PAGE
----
I have made passing reference from time to time of the postmodern trend in the academy away from traditional coursework in the standard academic disciplines and toward something that has come to be called “Culture Studies.” These studies are an attempt to replace those traditional disciplines that are regarded by a growing number of academics as irrelevant or even “a part of the problem” in an attempt to radically change the climate not only within the universities but also in society at large. As literature professor James Seaton tells us in Literary Criticism From Plato to Postmodernism:
“In the twenty-first century, the academic study of popular culture has become a part of culture studies, a transdisciplinary approach whose attraction derives in large part from its implicit promise that adepts gain the ability to make authoritative pronouncements about all aspects of human life without going to the trouble of learning the rudiments of any particular discipline.”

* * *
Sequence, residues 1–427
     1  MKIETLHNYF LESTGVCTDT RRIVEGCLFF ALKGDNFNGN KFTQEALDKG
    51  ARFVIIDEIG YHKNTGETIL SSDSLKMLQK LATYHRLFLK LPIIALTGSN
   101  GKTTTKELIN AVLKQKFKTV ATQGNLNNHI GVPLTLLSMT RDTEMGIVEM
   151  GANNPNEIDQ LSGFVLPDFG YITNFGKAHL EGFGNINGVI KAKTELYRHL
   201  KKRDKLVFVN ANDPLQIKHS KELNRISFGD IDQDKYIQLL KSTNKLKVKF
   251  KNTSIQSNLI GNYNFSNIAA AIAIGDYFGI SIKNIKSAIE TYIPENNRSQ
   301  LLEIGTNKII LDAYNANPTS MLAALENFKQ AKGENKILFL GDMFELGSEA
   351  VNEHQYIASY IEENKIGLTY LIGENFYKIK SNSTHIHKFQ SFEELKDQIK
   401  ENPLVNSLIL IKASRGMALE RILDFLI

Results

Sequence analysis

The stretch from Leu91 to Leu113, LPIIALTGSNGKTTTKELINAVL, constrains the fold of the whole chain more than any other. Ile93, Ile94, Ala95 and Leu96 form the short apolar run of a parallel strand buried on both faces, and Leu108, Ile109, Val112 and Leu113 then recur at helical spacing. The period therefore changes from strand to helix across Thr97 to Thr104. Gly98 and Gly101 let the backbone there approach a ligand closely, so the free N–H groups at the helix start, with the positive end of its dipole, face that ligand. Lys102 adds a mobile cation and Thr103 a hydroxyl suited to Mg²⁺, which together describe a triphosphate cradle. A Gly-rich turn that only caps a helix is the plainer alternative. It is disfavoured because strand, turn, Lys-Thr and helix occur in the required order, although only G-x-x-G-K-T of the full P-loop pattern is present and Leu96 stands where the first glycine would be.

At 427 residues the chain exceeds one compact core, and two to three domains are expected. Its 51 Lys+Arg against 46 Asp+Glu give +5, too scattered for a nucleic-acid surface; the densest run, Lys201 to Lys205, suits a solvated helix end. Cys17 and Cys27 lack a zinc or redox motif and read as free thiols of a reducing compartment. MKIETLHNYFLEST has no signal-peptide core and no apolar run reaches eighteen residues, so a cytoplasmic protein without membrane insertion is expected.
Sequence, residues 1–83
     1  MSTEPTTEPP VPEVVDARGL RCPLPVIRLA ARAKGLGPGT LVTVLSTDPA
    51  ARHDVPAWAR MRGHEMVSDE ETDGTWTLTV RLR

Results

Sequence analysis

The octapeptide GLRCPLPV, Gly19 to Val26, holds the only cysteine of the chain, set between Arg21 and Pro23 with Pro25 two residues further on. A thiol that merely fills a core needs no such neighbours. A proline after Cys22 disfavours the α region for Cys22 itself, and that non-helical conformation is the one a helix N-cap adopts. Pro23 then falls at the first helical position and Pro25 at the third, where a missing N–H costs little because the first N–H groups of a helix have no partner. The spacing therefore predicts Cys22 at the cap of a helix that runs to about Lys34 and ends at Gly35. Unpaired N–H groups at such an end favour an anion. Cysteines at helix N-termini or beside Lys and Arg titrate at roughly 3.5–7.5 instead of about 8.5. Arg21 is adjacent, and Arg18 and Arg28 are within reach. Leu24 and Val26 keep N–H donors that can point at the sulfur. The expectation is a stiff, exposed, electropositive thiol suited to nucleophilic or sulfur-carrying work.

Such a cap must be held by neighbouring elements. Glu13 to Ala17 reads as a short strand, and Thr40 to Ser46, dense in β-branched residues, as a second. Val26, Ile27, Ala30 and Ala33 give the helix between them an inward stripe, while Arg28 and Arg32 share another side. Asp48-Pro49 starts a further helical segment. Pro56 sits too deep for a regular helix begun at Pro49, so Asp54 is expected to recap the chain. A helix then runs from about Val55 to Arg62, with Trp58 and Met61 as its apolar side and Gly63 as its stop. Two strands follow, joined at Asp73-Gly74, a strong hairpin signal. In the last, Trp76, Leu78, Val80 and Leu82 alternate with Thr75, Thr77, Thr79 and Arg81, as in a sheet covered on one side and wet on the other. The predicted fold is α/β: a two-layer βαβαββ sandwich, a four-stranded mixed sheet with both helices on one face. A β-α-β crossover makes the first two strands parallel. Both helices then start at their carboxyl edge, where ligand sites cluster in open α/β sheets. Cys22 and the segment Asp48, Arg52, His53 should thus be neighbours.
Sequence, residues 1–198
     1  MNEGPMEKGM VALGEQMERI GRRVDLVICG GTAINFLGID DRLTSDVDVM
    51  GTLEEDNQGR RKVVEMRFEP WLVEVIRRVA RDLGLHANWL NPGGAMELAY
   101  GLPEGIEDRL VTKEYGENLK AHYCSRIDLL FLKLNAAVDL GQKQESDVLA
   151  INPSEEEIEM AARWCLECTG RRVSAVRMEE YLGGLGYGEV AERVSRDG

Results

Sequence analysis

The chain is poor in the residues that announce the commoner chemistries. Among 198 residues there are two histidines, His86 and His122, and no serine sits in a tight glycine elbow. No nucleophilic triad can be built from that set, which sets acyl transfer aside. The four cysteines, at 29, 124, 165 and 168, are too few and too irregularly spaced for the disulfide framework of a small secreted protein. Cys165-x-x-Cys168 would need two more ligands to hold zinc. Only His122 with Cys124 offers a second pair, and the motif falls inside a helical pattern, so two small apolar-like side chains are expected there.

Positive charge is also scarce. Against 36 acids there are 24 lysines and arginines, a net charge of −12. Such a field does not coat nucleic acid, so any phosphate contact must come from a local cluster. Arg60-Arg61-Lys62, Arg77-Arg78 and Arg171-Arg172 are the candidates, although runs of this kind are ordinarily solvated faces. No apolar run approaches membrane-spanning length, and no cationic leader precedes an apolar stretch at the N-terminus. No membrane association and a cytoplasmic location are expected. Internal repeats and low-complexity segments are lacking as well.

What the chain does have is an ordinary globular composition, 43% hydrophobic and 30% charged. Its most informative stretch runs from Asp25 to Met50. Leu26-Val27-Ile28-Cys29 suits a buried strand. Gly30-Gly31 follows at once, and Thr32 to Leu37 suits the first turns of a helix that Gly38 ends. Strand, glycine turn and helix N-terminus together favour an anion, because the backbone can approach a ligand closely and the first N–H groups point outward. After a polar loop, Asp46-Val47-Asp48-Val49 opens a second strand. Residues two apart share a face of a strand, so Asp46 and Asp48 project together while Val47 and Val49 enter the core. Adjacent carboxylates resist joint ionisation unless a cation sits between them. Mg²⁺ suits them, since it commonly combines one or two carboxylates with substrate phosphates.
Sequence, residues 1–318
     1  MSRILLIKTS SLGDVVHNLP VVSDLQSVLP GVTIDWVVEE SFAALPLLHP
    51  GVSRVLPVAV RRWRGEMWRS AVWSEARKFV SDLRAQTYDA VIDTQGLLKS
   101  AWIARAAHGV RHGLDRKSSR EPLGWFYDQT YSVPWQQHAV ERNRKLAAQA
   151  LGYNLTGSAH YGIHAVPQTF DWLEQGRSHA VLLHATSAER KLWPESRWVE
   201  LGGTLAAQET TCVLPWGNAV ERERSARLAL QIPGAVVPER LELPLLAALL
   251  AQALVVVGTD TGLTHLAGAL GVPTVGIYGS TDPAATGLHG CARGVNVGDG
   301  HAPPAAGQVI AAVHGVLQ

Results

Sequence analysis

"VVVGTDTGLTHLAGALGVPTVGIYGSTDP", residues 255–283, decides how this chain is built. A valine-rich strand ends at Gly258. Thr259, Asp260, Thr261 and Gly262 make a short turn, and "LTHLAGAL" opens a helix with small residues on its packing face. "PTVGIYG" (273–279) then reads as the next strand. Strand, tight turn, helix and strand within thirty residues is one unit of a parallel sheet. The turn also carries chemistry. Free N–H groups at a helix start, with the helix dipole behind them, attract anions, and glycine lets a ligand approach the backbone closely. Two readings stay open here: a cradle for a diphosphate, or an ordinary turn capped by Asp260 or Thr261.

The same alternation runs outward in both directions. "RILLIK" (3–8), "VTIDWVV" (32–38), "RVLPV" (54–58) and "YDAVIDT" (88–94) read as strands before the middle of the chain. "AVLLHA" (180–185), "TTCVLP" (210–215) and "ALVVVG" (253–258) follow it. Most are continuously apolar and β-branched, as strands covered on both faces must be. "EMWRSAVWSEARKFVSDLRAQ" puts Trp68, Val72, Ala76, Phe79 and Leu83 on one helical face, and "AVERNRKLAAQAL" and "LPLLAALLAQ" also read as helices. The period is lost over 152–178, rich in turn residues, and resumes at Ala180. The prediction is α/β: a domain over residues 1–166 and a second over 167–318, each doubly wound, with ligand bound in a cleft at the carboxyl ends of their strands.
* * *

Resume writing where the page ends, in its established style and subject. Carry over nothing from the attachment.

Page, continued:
I have discussed in previous posts the birth from this movement of New History that insists that historians simply express their own particular view of events — without footnotes or corroboration of facts — because, they say, the traditional view of how to write history is based on the absurd notion that there are such things as facts and even a thing called “truth.” In the end, the movement of postmodernism in general agrees in rejecting such “absurd” notions and in the process moves on toward a more radical manner of viewing one’s world and the things that go on in that world. I have noted the tendency of this movement within the academy to morph into movements outside the academy in society at large — in the form, most recently, of “alternative facts.” In a word, the repercussions of what growing numbers of academics do within the hallowed halls of academe have an effect on the way people think both within and without the academy. Most interesting in Seaton’s remarks above is the notion that culture studies — which is his special concern in his book — are an attempt to replace traditional academic disciplines, especially in literature, history, and philosophy, and transform them into something that loosely resembles sociology, badly done.